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Cervicogenic Headache: "A Pain in the Neck"


Updated August 28, 2013

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Cervicogenic Headache:
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What is a Cervicogenic Headache?

A cervicogenic headache is a disorder in which head pain is referred from the neck. This type of headache is typically one-sided or unilateral like a migraine, but unlike a migraine, has features involving the neck such as a reduced range of motion of the neck and precipitation of the headache by certain neck movements. Patients may also have same-sided shoulder or arm pain associated with the headache. Nausea, vomiting, sensitivity to light or photophobia, and sensitivity to sound or phonophobia may occur in cervicogenic headache, but to a lesser intensity and frequency than in migraine attacks.

The exact cause of this type of headache is still not clear. The first three spinal nerves, or C1-C3 of the upper or cervical spine where your neck lies, are thought to be involved in the majority of cases of cervicogenic headache. A spinal nerve carries signals from the spinal cord to corresponding areas of your body. The first three spinal nerves, C1-C3, provide sensation and movement to the head and neck, so if irritated or compressed, a headache may develop.

How is Cervicogenic Headache Diagnosed?

Overall, the diagnosis of this condition is challenging, as its symptoms may overlap with other types of headaches. In addition, there is no set consensus on exactly how this disorder is diagnosed. There are two sets of criteria described by different groups, the International Headache Society(IHS) and the Cervicogenic Headache International Study Group (CHISG) regarding the diagnosis of cervicogenic headache. Below is a summary with explanation for the criteria described by IHS:

• Head and/or face pain is referred from a source in the neck. This can be demonstrated through clinical signs or through diagnostic anesthetic blockade of an upper neck or cervical structure or nerve.

• There must be clinical, laboratory, and/or imaging evidence of a disorder or lesion within the cervical spine or soft tissues of the neck known to be, or generally accepted as, a valid cause of the headache.

• Pain resolved within 3 months after successful treatment of the disorder causing the headache.

To clarify the criteria above, an example of a clinical sign would be a patient who has pain when a doctor presses on her upper cervical spine joints, or has limited range of motion of her neck. A diagnostic blockade refers to an experienced doctor injecting an anesthetic or numbing agent into the area of the neck causing the pain. If the headache resolves with numbing of the nerve thought to be responsible, then a diagnosis of cervicogenic headache is supported. An example of imaging evidence may be a magnetic resonance imaging or MRI of the cervical spine.

What Else Could It Be?

If you suspect your head pain is being referred from your neck, a team of doctors can help tease apart a diagnosis of cervicogenic headache from other headache disorders. Remember, migraines and tension-type headaches, two of the most common types of headaches, may cause similar symptoms of neck pain and muscle tenderness in the back of the head or upper neck. A less common medical condition is called occipital neuralgia, which can also mimic a cervicogenic headache. A person with occipital neuralgia has sharp, jabbing or burning pain along the occipital nerve, which exits the spinal cord in the upper spine and runs along the back of the head extending to the scalp and forehead. Hemicrania continua is yet another headache disorder that can mimic cervicogenic headache.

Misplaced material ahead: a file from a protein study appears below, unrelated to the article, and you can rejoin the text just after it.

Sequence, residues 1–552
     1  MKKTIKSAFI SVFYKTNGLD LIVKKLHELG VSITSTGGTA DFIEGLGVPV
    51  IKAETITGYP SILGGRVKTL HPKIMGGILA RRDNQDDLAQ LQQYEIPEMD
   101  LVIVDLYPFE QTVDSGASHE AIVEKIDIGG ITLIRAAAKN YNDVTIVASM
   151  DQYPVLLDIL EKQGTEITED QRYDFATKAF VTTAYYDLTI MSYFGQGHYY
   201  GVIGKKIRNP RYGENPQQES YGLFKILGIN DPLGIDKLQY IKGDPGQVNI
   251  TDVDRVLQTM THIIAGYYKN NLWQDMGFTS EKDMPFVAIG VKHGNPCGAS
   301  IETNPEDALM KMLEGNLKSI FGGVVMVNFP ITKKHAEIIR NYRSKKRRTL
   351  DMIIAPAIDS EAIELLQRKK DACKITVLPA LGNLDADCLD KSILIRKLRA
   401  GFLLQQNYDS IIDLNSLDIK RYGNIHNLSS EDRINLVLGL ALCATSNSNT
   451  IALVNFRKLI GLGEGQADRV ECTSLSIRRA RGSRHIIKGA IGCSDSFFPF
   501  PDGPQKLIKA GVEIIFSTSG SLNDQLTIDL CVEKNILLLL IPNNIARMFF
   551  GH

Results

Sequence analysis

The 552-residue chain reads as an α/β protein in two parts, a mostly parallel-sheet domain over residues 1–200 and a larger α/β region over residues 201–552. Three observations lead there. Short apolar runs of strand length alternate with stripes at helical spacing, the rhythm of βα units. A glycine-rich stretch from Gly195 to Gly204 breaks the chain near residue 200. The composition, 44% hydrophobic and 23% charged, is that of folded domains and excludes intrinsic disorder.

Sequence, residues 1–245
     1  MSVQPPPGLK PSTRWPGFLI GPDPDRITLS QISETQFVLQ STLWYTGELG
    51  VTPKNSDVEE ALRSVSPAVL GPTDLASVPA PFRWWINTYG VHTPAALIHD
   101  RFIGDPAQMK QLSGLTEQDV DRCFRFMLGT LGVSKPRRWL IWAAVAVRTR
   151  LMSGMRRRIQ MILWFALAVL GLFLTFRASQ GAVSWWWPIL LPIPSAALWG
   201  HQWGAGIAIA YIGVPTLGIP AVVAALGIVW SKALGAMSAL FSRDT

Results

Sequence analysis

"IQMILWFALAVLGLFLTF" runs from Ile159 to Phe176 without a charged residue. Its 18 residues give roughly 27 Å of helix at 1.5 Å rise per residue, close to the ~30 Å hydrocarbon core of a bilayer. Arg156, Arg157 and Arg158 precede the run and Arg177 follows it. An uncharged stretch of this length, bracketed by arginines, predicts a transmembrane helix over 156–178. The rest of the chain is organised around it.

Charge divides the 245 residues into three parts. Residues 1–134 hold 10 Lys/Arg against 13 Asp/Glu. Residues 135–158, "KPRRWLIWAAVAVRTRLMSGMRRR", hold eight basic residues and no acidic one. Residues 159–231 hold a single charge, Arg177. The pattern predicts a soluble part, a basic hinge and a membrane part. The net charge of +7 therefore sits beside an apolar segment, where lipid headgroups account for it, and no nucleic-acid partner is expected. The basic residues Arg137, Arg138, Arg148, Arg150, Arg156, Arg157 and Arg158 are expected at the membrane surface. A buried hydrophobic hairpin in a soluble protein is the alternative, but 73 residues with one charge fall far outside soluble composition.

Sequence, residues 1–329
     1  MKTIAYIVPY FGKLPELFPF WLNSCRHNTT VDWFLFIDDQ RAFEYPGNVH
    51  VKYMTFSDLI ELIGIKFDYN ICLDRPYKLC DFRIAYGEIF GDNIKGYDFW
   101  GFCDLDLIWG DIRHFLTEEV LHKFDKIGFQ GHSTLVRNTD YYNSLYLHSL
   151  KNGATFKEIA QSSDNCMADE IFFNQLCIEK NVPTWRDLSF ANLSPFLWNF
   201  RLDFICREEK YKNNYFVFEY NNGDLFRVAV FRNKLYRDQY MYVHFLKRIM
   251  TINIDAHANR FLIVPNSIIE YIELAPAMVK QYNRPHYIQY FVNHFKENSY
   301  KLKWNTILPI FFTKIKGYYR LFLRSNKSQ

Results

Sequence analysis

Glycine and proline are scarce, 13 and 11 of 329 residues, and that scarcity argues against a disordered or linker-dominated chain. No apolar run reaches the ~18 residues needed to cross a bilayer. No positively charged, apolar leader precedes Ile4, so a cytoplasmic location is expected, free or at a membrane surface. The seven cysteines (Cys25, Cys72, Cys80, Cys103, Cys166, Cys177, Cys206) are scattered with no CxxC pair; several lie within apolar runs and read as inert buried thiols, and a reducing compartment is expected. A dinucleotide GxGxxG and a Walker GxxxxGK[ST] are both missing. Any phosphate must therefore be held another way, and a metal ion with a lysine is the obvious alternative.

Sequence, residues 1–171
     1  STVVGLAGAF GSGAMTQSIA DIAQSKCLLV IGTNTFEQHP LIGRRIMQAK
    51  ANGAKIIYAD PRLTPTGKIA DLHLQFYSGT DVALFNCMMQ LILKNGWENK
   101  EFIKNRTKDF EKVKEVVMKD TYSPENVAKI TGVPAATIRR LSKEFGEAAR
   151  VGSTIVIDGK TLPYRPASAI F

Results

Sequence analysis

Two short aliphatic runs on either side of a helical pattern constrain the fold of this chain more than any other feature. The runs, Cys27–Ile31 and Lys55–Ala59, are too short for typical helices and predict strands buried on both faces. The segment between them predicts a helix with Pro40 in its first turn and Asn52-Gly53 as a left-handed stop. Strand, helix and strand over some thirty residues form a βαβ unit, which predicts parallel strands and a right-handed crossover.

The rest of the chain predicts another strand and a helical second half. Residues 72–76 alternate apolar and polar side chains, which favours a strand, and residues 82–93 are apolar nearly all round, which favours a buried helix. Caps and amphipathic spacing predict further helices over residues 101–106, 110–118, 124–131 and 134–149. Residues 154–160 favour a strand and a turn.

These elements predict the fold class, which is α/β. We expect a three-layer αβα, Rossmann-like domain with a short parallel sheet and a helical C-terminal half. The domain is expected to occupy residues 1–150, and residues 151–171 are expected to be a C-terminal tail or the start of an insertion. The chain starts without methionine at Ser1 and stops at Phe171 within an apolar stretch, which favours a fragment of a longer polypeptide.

Other more concerning medical conditions that may cause neck pain and headache and require urgent evaluation include:

Internal Carotid or Vertebral artery dissection
• Brain or Spinal Tumor

Treatment of Cervicogenic Headache

Physical therapy is the initial treatment for cervicogenic headache, followed by steroid or anesthetic injection into the suspected joint space of the upper or cervical spine. Radiofrequency neurotomy is another form of therapy in which radio waves are transmitted to the affected nerves through needles, creating heat, which deactivates the nerve so it cannot send any more pain signals to the brain. Biofeedback, relaxation, and cognitive-behavioral therapy have also been examined as therapeutic options. Surgery may be the last option for a patient when other treatment modalities fail.

Take Home Message

Overall, the criteria for a cervicogenic headache is multifaceted and may be difficult to wrap your head around. Due to the controversy as well as complexity surrounding the diagnosis of this disorder, a team of doctors is usually needed to make the diagnosis. Regardless, if you believe your neck may be the source of your headache then please speak with your headache specialist so that you can be sure you are getting the proper treatment.


Biondi David. Cervicogenic Headache: A Review of Diagnostic and Treatment Strategies. J Am Osteopath Assoc. April 1, 2005 vol. 105 no. 4 suppl 16S-22S.

Biondi, D. Bajwa ZH. Cervicogenic Headache. In: UpToDate, Basow DS (Ed), UpToDate, Waltham, MA, 2013.

Headache Classification Subcommitte of the International Headache Sociey. The International Classification of Headache Disorders: 2nd edition. Cephalalgia 2004; 24 Suppl 1:9.

Sjaastad O, Bovim G. Cervicogenic headache. The differentiation from common migraine. An overview. Funct Neurol. 1991 Apr-Jun;6(2):93-100.

Sjaastad O, Fredriksen TA, Pfaffenrath V. Cervicogenic headache: diagnostic criteria. The Cervicogenic Headache International Study Group. Headache. 1998;38:442.
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